Bostean, G., & Gillespie, B. J. (2018). Acculturation, acculturative stressors, and family relationships among Latina/o immigrants. Cultural Diversity and Ethnic Minority Psychology, 24(1), 126-138.
     
    Fox, M., Sandman, C. A., Davis, E. P., & Glynn, L. M. (2018). A longitudinal study of women's depression symptom profiles during and after the postpartum phase. Depression & Anxiety.
     
    Frederick, D. A., Daniels, E. A., Bates, M. E., & Tylka, T. L. (2017). Exposure to thin-ideal media affect most, but not all, women: Results from the Perceived Effects of Media Exposure Scale and open-ended responses. Body Image, 23, 188-205.
     
    Frederick, D. A., John, H. K. S., Garcia, J. R., & Lloyd, E. A. (2018). Differences in Orgasm Frequency Among Gay, Lesbian, Bisexual, and Heterosexual Men and Women in a U.S. National Sample. Archives of Sexual Behavior, 47(1), 273-288.
     
    Hagood, E. W., & Gruenewald, T. L. (2018). Positive versus negative priming of older adults' generative value: do negative messages impair memory? Aging & Mental Health, 22(2), 257-260.
     
    Hahn-Holbrook, J., Cornwell-Hinrichs, T., & Anaya, I. (2017). Economic and health predictors of national postpartum depression prevalence: A systematic review, meta-analysis, and meta-regression of 291 studies from 56 countries. Frontiers in Psychiatry, 8, 248.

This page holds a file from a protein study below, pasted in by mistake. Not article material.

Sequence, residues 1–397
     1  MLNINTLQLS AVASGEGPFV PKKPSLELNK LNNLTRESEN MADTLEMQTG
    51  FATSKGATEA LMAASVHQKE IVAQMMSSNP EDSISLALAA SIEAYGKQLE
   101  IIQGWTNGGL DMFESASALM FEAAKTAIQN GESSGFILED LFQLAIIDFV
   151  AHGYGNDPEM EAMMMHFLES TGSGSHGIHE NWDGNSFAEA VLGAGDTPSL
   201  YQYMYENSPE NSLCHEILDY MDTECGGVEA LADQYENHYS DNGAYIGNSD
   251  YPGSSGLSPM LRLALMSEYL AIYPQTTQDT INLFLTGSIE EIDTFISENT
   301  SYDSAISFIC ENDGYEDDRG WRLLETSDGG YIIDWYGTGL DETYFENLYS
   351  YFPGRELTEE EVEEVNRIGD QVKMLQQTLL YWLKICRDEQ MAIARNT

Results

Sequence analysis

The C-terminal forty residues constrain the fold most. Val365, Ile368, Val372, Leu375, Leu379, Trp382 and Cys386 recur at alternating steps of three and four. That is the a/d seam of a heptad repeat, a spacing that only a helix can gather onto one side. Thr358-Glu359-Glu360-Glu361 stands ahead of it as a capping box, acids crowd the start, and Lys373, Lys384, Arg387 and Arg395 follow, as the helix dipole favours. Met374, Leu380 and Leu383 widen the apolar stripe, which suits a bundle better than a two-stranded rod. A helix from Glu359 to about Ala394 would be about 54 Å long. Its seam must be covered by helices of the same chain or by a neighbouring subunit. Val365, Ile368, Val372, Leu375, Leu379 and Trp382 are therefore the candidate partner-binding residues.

Jahangiri, A., Berardi, V. J., & Machiani, S. G. (2017). Application of real field connected vehicle data for aggressive driving identification on horizontal curves. IEEE Transactions on Intelligent Transportation Systems.
     
    Jenkins, B. N., Granger, D. A., Roemer, R. J., Martinez, A., Torres, T. K., & Fortier, M. A. (2018). Emotion regulation and positive affect in the context of salivary alpha-amylase response to pain in children with cancer. Pediatric Blood Cancer.